Currently, the Czech Republic is among a handful of European countries that requires mandatory vaccinations for children.
It’s also one of even fewer countries (among a list that includes Belgium, Bulgaria, Croatia, France, and Ukraine) that bars non-vaccinated children from attending state educational facilities such as nurseries, preschools and kindergartens.
Still, cases of preventable diseases such as measles have seen a drastic rise in the Czech Republic across recent years.
Now, lawmakers are currently preparing legislation to further encourage parents to vaccinate their children.
According to Lidovky.cz, the Czech Ministry of Health is currently preparing an amendment to the Act on Public Health Protection that would extend the scope of the facilities that non-vaccinated children are barred from attending.
Under the new amendment, non-vaccinated children would not only be turned away from state-run early educational facilities, but also children’s groups and related private facilities.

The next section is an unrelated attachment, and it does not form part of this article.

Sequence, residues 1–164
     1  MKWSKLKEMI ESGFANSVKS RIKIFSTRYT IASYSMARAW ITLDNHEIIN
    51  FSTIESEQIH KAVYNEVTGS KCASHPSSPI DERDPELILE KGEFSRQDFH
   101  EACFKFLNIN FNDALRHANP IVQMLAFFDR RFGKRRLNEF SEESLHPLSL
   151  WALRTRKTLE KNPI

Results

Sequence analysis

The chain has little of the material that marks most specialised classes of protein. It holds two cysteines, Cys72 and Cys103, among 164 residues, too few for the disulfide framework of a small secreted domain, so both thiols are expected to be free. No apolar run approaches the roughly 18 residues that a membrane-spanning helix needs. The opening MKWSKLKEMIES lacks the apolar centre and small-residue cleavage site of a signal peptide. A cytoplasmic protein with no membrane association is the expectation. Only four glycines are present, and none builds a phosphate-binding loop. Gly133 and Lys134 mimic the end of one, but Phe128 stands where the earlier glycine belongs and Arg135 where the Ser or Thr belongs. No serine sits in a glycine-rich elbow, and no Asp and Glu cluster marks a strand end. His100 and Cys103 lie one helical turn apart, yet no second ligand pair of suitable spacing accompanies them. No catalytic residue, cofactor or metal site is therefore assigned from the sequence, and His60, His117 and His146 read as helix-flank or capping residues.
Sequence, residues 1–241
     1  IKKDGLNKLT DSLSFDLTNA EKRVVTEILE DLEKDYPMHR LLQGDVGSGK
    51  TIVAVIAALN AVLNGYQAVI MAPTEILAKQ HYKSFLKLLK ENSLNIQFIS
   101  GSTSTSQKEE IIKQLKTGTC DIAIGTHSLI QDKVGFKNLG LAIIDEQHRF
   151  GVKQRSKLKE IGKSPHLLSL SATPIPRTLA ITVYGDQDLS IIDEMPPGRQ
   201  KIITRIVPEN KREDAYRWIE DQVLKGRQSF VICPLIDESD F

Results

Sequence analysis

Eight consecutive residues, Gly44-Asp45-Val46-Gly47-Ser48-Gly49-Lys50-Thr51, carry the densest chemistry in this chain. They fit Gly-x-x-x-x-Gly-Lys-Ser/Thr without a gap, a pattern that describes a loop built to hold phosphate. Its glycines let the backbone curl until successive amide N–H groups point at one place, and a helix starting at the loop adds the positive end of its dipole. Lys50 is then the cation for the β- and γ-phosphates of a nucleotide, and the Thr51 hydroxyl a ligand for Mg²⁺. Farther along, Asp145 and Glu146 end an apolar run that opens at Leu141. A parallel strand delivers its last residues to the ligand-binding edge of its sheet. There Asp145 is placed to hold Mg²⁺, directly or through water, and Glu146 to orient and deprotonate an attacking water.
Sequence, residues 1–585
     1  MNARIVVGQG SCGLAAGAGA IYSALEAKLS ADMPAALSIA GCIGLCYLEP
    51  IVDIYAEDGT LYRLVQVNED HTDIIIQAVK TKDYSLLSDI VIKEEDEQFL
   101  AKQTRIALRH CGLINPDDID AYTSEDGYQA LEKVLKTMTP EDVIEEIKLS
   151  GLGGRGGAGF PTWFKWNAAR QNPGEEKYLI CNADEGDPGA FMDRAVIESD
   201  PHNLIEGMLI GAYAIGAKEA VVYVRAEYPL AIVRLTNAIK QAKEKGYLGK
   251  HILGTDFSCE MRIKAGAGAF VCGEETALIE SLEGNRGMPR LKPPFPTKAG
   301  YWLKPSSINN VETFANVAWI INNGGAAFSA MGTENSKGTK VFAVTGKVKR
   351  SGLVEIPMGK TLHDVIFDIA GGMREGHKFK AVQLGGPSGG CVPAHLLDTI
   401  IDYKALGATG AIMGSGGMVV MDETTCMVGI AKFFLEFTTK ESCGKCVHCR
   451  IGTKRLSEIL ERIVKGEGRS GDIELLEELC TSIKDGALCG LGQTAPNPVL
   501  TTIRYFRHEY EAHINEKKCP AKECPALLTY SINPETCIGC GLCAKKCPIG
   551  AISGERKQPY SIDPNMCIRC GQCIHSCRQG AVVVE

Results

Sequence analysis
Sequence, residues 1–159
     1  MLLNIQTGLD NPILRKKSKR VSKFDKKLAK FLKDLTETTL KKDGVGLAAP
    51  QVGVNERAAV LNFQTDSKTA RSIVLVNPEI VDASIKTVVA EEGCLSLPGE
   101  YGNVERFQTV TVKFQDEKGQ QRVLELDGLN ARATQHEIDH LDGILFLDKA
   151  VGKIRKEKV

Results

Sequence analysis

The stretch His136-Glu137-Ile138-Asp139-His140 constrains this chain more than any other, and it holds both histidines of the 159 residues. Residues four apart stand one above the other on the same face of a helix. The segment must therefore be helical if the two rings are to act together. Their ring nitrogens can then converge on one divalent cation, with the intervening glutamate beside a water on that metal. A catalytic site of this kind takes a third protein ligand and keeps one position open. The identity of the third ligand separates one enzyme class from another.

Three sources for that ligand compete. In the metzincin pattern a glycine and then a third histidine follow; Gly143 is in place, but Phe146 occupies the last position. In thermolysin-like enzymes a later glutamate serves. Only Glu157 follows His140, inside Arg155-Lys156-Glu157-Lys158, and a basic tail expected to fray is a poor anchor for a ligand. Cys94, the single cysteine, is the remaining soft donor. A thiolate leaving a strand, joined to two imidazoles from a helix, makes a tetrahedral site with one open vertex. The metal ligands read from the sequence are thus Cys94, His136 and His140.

Lawmakers argue that while children may be protected in state-run locations, they are potentially put at risk in other common facilities that children attend, such as summer camps and private sports groups.
The new amendment is expected to be submitted to the government in the third quarter, and take effect (if passed) by the end of the year.
Currently, the penalty levied on parents for not vaccinating their children is a fine of up to 10,000 crowns, which, according to a 2015 ruling, may not be enforced when the parents’ religious beliefs are taken into consideration.
While some argue that this is not enough of a discouragement for parents, others such as the family organization Rozalio claim any penalties for mandatory vaccinations violate parents’ rights.